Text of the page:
Perhaps one of its best features is the integrated barometer, which uses atmospheric pressure to predict changes in the weather. Though much of our testing occurred during warm, summer days in Portland, Oregon, this feature allowed us to see even slight changes in pressure. As the dial rose and fell, we had a precise view on whether to prepare for rain or switch into a T-shirt to enjoy some sun.
Additionally, the Pro Trek offers five different tracking applications for use while trekking, fishing, cycling, kayaking, or skiing and snowboarding. These features track speed (average and top) and distance traveled, allowing for accurate, continuous recreational tracking for each activity. The trekking function even records ascent and descent statistics, which we found to add a unique (and fun) way to track hikes.
Like most smartwatches, Casio’s Pro Trek had a tough time lasting much longer than a day when we consistently used its buffet of features. We would have liked a longer-lasting battery, especially for a watch built to be used outdoors, but it’s on par with its competition.
That said, Casio does include that particularly useful way to turn off Wear OS in favor of the digital clock (via the monochrome LCD). In this mode, battery life extends to a whopping 30 days. This feature is especially critical for longer backpacking trips where we’d be able to switch off Wear OS when we didn’t need to know an area’s pressure density and simply turn it back on when we did.
Casio sadly hasn’t improved the charger. The proprietary charger magnetically connects to a port on the side of the watch, but the magnetic connection is weak. It easily disconnects when slightly moved, which is frustrating.
The Pro Trek is expensive, coming in at $500 — far more than most Wear OS smartwatches — and it does not have any cellular functionality. The WSD-F20A, on the other hand, is $100 less. We think it’s the one you should purchase. It’s available now at Casio’s website, as well as retailers such as Amazon, Macy’s, REI, Best Buy, and more.
The Casio Pro Trek Smart WSD-F20 and WSD-F20A have a standard limited warranty, which protects the watches from manufacturing defects up to one year from the date of purchase. It does not cover accidental damage.
The Casio Pro Trek Smart WSD-F20 is a good smartwatch with features too niche for most people. But if you’re an outdoors enthusiast that loves checking out data from barometers and altimeters, or even tracking the way you’ve traveled, you’ll like what the Pro Trek has to offer.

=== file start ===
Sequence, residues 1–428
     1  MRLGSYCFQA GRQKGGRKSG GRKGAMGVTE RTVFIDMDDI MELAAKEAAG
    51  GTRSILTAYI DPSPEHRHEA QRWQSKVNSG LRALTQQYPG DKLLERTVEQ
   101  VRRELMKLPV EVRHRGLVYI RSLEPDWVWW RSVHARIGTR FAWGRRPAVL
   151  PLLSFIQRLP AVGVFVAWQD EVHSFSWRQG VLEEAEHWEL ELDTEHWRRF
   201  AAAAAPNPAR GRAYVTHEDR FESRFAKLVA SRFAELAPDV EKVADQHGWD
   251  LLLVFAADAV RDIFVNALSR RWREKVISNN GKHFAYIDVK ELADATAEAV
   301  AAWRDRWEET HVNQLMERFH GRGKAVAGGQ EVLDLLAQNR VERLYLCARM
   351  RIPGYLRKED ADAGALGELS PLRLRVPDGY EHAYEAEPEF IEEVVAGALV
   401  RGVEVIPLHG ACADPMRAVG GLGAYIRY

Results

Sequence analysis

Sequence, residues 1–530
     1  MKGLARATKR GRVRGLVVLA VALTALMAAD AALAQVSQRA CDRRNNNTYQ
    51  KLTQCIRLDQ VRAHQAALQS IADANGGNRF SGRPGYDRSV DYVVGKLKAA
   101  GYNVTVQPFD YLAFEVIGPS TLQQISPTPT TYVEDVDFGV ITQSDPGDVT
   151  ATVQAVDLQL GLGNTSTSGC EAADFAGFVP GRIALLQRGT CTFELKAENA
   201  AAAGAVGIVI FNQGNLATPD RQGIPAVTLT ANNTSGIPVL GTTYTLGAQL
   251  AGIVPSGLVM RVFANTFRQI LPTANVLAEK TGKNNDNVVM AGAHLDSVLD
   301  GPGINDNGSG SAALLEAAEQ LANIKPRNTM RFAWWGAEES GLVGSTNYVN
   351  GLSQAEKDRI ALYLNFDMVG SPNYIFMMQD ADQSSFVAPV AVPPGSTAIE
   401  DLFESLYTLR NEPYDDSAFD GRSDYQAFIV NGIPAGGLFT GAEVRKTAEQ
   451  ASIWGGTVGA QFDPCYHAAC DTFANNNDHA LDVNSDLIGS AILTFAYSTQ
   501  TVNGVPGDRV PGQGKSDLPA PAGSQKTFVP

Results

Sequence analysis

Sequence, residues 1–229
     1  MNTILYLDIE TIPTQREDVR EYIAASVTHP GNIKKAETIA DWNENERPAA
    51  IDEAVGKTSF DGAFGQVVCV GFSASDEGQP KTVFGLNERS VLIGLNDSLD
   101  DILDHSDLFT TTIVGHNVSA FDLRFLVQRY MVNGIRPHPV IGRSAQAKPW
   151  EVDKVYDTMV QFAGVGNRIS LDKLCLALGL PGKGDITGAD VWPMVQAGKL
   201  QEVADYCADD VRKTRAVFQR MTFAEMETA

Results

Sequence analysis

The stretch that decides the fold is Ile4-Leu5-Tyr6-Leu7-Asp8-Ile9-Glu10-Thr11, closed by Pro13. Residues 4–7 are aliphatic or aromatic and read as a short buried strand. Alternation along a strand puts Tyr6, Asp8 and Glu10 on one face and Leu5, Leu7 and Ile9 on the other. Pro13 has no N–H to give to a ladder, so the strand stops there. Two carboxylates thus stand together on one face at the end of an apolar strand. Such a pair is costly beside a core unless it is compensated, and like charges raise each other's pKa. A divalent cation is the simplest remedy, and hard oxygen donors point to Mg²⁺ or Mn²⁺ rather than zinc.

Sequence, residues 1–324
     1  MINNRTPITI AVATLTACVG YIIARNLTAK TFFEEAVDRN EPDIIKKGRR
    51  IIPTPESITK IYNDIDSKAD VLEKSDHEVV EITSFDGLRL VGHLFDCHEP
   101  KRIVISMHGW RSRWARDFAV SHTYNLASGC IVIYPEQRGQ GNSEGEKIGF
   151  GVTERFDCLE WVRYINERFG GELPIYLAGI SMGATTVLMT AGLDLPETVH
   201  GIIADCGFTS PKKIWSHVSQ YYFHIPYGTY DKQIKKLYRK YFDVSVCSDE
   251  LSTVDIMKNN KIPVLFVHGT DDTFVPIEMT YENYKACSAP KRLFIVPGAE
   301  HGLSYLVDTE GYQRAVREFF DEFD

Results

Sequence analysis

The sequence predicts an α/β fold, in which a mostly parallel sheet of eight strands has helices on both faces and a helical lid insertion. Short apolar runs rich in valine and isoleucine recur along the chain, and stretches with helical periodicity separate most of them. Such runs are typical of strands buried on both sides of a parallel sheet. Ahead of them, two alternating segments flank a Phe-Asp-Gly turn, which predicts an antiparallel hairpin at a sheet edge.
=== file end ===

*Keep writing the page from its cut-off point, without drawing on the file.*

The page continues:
Is there a better alternative?
Yes. If you’re a looking for a simple smartwatch that looks good and can offer up notifications, check out the Movado Connect, Skagen Falster, or the Michael Kors Access Sofie or Access Grayson. For more targeted fitness features, such as heart-rate monitoring and GPS, there’s the Huawei Watch 2. Casio also announced the WSD-F30 recently, which will be released soon, so you may want to wait for a price drop on the WSD-F20 or F20A, or just buy the newer model.
Perhaps the closest in competition to Casio’s Pro Trek is Garmin’s Fenix 5X. A full-featured multi-sport watch that also boasts GPS, water-resistance, a compass, barometric altimeter, and a bevy of fitness-tracking options, the Fenix 5X does much of what the Pro Trek offers wearers and does so in style – that is, if you don’t mind the bulk. Clocking in at some $200 more, the premium price buys a premium experience as well as Garmin’s dedication to updating its software and companion application – which mean it might be the last watch any active outdoorsy type will ever need. You should also take a look at the Galaxy Watch from Samsung.
If you have an iPhone, your best bet is the Apple Watch Series 3, which now boasts cellular connectivity so you can leave your phone behind.
How long will it last?
The Pro Trek WSD-F20 is MIL-STD-810G-certified, meaning it can take a beating. It’s also water resistant up to 50 meters. You’ll have a tough time breaking this watch, so it should last you quite a few years. It will likely only get software updates for two years at the most, so you may see some issues after that point. The battery will degrade over time as well, so every year you’ll see poorer and poorer battery life. Still, we expect this device to remain functional for three to four years.
Should you buy it?
Yes. If you like what Wear OS has to offer and are interested in Casio’s outdoors functions, this watch may be for you. If not, there are plenty more affordable smartwatches to check out. We also recommend waiting for a price drop on the WSD-F20 or F20A, or simply purchasing the WSD-F30 when it’s released soon.